IB Chemistry home > Syllabus 2016 > Acids and Bases > Arrhenius acids

Syllabus ref: 8.1

Arrhenius acids are substances that provide free hydrogen ions in aqueous solution.

Acids

Arrhenius' definition of an acid is the one that most people are familiar with, a substance that produces hydrogen ions in water:

hydrochloric acid
+
water
hydrogen ions + chloride ions
HCl
 
(aq)
H+(aq)
 
Cl-(aq)
HCl(aq) H+(aq) + Cl-(aq)

Acids are simply a group of compounds with similar chemical behaviour - i.e. they react in similar ways with other compounds. This is because all acids contain these free H+ ions (hydrogen ions) in solution. It is these H+ ions that are actually reacting.

The hydrogen ion is effectively a single proton, whose charge density (charge/volume ratio) is very large. It is an extremely reactive species and, in all probability, bonds with the water molecules themselves, making a hydroxonium (also called hydronium or oxonium) ion.

Formation of the hydronium ion (click the diagram)

H+ + H2O H3O+

Although the hydrogen ions are bonded to the water molecules, this does not really make much difference, as we can simply deal with acids as solutions containing free hydrogen ions.

Characteristic acid behaviour

1 Acids turn indicators characteristic colours (the actual colour depends on the indicator).

2 Acids react with bases to form salt and water (neutralisation). The base may be a metal oxide or a metal hydroxide.

3 Acids react with carbonates forming a salt, carbon dioxide and water (neutralisation)

4 Acids react with active metals to form salt and hydrogen (this is not actually a neutralisation reaction, although the acid does get used up)

These properties are only expressed in aqueous solution (i.e. a solution in water). This is because acids only release their hydrogen ions when they interact with water molecules.

Consequently, hydrochloric acid provides a solution that contains hydrogen ions and chloride ions - It is only the hydrogen ions that react with bases, the chloride ions remain in the solution as spectator ions.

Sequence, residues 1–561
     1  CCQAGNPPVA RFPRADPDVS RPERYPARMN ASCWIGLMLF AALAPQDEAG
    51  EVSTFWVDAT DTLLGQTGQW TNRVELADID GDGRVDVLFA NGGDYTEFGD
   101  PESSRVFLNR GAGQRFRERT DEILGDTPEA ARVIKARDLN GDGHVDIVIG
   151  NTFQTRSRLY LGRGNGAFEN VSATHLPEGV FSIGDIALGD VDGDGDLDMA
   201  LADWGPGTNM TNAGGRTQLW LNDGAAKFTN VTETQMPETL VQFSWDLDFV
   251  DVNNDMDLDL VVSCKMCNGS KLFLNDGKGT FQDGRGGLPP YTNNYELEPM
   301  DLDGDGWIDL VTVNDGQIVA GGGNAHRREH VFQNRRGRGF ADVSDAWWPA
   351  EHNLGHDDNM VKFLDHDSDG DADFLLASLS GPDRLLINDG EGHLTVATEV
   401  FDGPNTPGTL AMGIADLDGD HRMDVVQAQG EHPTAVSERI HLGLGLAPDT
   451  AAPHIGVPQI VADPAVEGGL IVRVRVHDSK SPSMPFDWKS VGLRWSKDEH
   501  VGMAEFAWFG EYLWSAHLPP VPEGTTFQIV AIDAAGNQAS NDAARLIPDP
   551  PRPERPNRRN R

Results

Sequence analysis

Common strong acids:

In all cases, the acid provides a source of hydrogen ions.


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Properties of acids

All acids are solutions that contain free hydrogen ions and for that reason they all have similar properties. The properties of acids can be summarised as follows:


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Properties of bases

The term "base" refers to a group of compounds whose properties are reflections of those of acids. They are usually thought of as the 'chemical opposite' of acids.

Bases either produce hydroxide ions directly by dissolving, or they assist the water molecules in breaking apart by removing H+ ions from the water. (The situation is a little more complicated than explained, as the water is actually in equilibrium with its own ions). Bases have characteristic properties.

There are several types of compounds which all come under the general heading of 'bases'.

Base example formula solubility
Metal hydroxides
Sodium hydroxide
NaOH
very soluble
Metal oxides
Calcium oxide
CaO
reacts with water
Metal carbonates
Magnesium carbonate
MgCO3
insoluble
Metal hydrogen carbonates
Sodium hydrogen carbonate
NaHCO3
soluble
Metal sulfites (sulfate(IV))
Sodium sulfite
Na2SO3
soluble
Ammonia solution
Ammonia (aq)
NH3(aq)
very soluble
Amines
Methylamine
CH3NH2
slightly soluble

Note: An alkali is just a soluble base.


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